So Vanessa and I went with our friends to watch Captain America: Civil War last night. It was amazing.
After the movie, we all went out to a diner and over late-night milkshakes we talked about what made the movie so good. We touched on things like the dynamic action sequences, witty (often laugh-out-loud) dialogue, and, of course, the inclusion of Black Panther and SPIDER-MAN!
But one of the most important components in making this story a success lies in the excellent storytelling itself.
For those uninitiated, the story of Civil War revolves around the heroes of the Marvel Universe taking sides over a controversial piece of global legislation. The basic question is, "Do the countries of the world have the authority to direct the actions of the Avengers?"
Iron Man says YES. Captain America says NO.
What Civil War accomplished in their storytelling, however, was the equal justification of both of these choices. We, as the audience, understand and expect Iron Man's acceptance of the new global legislation. Likewise, we can empathize with the choices of Captain America. The same can be said for every other character in the movie. No matter where we fall personally on the spectrum of the issue at hand (should superheroes submit their powers to a global authority) we can at least acknowledge the validity of everyone else's choice.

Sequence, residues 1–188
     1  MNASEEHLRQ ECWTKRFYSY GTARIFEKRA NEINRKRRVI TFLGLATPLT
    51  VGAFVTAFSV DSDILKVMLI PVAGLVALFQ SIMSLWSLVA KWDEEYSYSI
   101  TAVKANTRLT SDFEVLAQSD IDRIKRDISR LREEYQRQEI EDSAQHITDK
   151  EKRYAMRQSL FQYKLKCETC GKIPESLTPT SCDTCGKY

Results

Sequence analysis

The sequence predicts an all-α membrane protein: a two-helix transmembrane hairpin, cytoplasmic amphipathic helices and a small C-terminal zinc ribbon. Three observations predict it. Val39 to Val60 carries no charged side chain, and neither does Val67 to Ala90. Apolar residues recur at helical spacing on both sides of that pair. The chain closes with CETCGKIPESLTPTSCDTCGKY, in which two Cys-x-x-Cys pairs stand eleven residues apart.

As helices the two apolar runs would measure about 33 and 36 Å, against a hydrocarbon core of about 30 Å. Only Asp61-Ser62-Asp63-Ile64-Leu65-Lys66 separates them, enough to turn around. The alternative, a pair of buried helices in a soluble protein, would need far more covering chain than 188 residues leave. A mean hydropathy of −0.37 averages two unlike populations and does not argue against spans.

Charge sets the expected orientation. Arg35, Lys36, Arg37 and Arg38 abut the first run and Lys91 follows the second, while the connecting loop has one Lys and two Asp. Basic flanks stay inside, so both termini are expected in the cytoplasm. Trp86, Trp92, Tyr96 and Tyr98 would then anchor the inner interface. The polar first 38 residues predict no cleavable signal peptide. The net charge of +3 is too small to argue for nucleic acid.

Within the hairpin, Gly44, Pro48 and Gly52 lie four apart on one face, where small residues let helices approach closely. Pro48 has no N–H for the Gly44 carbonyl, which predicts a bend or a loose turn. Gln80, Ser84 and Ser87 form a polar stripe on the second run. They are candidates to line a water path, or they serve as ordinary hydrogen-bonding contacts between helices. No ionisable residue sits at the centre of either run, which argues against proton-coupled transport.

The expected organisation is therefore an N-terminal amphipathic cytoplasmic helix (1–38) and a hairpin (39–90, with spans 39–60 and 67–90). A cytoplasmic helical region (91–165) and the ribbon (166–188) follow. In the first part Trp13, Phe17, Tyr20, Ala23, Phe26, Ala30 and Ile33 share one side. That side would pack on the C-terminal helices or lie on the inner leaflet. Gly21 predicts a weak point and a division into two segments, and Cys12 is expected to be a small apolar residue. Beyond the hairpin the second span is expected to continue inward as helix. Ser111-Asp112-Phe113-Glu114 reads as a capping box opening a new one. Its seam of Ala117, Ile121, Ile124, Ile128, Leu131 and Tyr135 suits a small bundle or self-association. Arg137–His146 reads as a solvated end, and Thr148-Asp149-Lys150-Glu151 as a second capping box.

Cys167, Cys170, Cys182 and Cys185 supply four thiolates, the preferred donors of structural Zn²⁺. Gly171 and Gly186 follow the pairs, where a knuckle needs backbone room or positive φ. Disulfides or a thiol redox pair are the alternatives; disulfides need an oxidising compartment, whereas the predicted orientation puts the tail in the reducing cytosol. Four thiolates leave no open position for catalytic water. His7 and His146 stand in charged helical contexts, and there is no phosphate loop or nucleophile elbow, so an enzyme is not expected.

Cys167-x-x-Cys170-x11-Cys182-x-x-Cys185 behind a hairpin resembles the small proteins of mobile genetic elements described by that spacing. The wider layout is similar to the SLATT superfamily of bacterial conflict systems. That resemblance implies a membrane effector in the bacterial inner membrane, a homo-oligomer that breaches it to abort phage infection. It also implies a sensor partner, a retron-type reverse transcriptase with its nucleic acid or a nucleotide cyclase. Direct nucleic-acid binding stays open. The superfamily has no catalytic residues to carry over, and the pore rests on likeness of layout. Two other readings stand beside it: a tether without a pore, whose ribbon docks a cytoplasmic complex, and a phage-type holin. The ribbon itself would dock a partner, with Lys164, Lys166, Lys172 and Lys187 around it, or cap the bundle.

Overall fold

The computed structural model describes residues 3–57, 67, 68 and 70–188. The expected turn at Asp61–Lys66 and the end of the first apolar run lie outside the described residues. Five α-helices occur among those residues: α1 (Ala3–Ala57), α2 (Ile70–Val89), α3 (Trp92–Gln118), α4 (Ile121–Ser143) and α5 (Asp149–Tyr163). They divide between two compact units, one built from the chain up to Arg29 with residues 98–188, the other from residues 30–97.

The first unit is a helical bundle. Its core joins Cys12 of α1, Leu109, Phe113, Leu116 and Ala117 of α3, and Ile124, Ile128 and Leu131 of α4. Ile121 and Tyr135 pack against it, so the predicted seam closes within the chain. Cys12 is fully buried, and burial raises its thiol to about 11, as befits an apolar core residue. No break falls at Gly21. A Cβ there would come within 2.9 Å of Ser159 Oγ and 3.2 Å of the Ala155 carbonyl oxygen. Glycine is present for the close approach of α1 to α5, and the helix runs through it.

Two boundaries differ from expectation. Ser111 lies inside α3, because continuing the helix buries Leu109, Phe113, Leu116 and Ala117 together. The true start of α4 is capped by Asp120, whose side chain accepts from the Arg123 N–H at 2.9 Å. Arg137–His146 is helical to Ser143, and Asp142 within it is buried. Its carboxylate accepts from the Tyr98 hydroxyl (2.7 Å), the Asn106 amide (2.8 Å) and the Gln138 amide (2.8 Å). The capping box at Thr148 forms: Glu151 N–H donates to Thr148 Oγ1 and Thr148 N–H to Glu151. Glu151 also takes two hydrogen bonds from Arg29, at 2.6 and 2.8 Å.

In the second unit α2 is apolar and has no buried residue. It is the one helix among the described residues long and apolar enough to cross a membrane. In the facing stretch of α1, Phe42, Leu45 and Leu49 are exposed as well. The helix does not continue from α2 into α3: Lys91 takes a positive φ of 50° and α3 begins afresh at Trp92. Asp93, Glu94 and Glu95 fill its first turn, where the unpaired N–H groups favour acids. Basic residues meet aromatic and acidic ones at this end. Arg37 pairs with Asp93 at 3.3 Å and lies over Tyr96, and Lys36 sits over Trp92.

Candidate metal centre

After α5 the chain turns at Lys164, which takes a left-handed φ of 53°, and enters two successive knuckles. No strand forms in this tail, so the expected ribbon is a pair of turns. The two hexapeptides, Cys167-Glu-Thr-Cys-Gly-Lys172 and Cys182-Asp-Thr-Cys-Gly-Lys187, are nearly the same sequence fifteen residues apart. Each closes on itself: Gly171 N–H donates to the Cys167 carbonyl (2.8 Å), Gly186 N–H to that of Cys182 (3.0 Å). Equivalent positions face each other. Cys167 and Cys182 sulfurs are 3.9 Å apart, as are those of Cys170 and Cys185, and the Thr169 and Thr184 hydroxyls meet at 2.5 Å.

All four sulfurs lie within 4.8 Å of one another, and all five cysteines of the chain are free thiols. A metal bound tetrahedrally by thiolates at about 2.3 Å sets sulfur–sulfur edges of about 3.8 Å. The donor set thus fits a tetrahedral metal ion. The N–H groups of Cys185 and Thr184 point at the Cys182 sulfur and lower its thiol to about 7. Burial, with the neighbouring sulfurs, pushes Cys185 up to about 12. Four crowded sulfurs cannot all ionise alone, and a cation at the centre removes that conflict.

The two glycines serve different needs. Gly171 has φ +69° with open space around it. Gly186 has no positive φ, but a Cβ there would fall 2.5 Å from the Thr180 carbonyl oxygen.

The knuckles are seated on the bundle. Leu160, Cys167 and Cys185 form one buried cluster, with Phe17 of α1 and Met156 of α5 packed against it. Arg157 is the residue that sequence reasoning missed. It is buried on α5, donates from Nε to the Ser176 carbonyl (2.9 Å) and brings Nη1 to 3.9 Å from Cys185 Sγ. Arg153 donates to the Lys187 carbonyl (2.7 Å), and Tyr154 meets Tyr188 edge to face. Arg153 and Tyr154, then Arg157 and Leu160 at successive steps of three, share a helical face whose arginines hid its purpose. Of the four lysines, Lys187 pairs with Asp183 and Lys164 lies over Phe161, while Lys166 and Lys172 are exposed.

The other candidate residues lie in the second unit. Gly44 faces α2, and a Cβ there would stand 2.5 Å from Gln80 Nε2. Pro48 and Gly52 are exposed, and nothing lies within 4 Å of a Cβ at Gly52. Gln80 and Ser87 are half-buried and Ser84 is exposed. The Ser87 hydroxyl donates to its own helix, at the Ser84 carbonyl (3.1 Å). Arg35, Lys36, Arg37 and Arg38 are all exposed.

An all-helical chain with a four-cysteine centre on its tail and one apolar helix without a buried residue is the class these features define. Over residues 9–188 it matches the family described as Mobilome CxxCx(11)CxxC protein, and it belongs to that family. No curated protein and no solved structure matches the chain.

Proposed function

The takeaway from this movie, as an author, is the importance of justified character motivations. Every choice by every character has to be earned within the story. Villains cannot do evil stuff just because they're bad. Within the framework of that character there must be some reason why an "evil" choice seems legitimate. Likewise, when heroes do something heroic, there must exist within the story a justification for their choice (and "just because" is never good enough).
We can contrast this to the turning point of DC and Warner Brother's Batman v. Superman when the two heroes reconcile over the shared first name of their respective mothers. This is a weak motivation that does not justify the subsequent truce AT BEST. At worst, it is the hallmark of lazy storytelling, and the belief that the audience will blindly accept any slop put up on the screen.
This is why DC continues to fail when it comes to movies, and Marvel reigns as king.
Storytelling (and character motivation) makes all the difference.